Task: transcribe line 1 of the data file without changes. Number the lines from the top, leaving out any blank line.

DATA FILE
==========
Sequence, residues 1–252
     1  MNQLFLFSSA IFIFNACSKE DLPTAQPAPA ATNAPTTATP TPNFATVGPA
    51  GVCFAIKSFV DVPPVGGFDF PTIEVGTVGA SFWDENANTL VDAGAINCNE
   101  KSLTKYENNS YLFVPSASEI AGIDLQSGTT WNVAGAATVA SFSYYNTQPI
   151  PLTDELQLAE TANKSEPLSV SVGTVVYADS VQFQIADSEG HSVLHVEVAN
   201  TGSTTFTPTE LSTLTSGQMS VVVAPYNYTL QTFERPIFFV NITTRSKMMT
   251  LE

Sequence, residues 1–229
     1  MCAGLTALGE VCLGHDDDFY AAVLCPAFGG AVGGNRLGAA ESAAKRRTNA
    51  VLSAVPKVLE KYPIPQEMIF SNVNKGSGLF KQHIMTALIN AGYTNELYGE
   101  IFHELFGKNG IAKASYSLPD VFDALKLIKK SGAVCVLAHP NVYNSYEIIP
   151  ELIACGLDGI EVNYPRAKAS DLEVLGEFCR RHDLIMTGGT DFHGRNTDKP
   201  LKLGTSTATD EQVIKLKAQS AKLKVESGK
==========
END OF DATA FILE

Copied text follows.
Sequence, residues 1–252